Turn by Turn Scaling

With SS4.dec and Dragons being the gatekeepers of the format, it is important to recognize how they scale during the first few turns, and what their ceiling is in terms of actions/attacks they can generate on their awakening turn. Dragons are the most explosive of the two since they feel at their best going wide with their energy on turn 2 instead of devoting that 2 energy to a Unison, whereas SS4 really thrives with the Unison in play so it sacrifices going wide for the advantage engine.

The next time you’re testing, be sure to track all the actions and attacks taking place the first few turns of your games. This is important to understand when it comes to selecting your next deck, and properly preparing to face these decks moving forward. Now that we have set the stage of the work you should do to properly understand the strength of the two red decks, each with an ACEC of 0.76, let’s look at the real reason why we’re here.

The Most Important Card Previewed

[Auto] U, if your Leader is Blue: When this card is added to your Z-Energy, choose up to 1 of your opponent’s Battle Cards with an energy cost of 5 or less and place it at the bottom of its owner’s deck.

Yep. That is a card.

We’ve just spent most of this article trying to identify the true value of 1 energy/1card, but it has mostly been based around offense. Power Reclaimed takes this and turns it on its head because now there is a way to get rid of a very relevant threat for 1 energy, that can’t really be interacted with. If you go through the pool of relevant decks, you’ll see a lot of threats that cost 5 or less that this card just absolutely dumpsters. Not only that, but with the introduction of Z-Energy rewarding you for comboing, it isn’t like you’re just going neg on the exchange – you get your money back when you then drop a card like Beerus or Cell.

I know, I am probably hyping the crap out of this card and people will think I am crazy, but just hear me out on a more nuanced topic – what happens when a game goes late and your ACEC is low?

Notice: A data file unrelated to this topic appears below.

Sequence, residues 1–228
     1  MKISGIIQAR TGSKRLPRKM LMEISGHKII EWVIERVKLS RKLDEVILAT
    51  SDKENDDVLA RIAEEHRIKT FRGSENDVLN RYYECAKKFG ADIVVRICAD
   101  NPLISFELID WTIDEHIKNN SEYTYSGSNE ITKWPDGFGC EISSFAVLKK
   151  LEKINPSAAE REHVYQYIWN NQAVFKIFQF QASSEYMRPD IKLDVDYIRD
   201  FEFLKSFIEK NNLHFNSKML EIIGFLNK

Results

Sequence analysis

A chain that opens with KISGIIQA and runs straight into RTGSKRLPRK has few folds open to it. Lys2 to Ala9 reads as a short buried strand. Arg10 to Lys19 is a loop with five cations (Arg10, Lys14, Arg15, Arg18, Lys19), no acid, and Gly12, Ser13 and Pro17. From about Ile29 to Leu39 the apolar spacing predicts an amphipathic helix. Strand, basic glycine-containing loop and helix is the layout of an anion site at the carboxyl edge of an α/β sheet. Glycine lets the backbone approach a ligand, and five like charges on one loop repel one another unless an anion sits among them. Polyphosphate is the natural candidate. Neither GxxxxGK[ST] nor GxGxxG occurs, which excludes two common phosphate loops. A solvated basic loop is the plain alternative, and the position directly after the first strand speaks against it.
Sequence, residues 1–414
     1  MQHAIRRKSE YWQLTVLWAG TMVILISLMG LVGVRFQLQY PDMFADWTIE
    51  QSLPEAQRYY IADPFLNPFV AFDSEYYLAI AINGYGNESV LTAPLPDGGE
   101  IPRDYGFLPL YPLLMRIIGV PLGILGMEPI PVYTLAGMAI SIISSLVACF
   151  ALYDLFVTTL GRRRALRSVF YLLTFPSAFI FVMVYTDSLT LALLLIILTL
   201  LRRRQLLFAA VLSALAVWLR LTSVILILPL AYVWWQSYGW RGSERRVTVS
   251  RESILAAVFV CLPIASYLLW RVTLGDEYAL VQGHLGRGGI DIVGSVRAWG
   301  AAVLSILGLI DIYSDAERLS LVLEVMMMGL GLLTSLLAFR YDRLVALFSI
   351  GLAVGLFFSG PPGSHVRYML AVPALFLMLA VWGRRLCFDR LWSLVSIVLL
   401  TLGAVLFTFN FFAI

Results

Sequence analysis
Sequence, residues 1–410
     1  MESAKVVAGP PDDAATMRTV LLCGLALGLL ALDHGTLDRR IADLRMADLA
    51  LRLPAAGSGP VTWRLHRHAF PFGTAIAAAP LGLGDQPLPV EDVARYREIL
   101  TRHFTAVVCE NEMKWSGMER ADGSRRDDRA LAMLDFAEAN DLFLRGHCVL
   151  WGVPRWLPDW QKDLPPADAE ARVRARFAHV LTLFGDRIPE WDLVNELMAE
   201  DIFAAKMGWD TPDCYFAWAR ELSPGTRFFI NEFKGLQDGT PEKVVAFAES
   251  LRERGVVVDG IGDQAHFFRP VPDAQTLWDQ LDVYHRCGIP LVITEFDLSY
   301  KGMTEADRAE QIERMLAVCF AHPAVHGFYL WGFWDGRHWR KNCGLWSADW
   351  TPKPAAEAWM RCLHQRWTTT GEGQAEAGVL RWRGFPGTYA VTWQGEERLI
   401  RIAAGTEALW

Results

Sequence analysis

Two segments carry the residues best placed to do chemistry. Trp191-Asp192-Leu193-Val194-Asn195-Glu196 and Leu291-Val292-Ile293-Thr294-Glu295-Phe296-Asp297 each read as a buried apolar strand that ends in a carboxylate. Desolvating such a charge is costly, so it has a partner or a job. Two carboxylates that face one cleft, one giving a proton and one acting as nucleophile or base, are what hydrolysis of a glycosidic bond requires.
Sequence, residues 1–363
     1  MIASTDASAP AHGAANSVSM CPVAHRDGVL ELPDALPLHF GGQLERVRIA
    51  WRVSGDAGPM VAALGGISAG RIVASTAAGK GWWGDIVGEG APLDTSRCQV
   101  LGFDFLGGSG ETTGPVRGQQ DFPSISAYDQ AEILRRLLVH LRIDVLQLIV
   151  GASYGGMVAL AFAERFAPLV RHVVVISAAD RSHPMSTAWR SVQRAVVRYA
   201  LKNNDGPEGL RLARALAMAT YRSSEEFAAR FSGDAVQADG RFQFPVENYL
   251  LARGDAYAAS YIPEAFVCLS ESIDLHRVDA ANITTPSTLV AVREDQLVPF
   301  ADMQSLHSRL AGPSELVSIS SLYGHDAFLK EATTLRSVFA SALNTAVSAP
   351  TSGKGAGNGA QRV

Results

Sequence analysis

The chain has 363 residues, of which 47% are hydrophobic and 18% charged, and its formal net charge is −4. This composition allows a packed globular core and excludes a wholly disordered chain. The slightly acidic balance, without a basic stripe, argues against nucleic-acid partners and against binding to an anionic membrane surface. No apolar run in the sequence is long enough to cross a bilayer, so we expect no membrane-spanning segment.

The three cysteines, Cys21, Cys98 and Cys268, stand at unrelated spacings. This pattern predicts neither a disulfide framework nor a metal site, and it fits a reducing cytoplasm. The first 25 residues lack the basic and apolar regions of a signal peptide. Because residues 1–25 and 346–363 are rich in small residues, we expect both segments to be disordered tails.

We talked about scaling and how the above decks really focus on trying to end the game within 4 turns. One thing we don’t usually touch on is what happens when those decks can’t win on turn 4, or earlier. ACEC ends up going out the window completely, because as your pool of energy expands, your card quality is not scaling with it.

Syn, Dread Destroyer, and the Rivalry United cards are absolute monsters during the first 2 – 4 turns of a game, but once the opponent gets to their turn 4, 5, 6, etc. the quality of those cards just doesn’t line up with the high-cost cards your opponent now has access to. Additionally, you lose the squeeze on resources that comes from “fighting in a phone booth”, since when a game is compressed, the defending player has less chances to draw the out. With another way to stifle aggression, and the recent ban list, blue has yet another way to drag the aggressive player into deep water, allowing them plenty of time to concoct how they’re going to demoralize the enemy.


I could end up being completely wrong about this, but my gut is telling me that the format went from one extreme, to a slightly less extreme, but in the opposite direction. Don’t get me wrong, both red decks are going to continue to be the gatekeepers for the rest of the decks trying to dip their toes into the competitive pool, but ultimately, even with Bean being errata’d, blue is coming out as the biggest winner post-bans. Between Dimension Magic, Baby Hatch SCR, the rest of the floodgates, Buu Unison, Dirty Burst, Beerus Z, Cell Z, and now Power Reclaimed… the color is almost guaranteed to make it to the late game. Now it is up to you find out how you’re going to take advantage of it.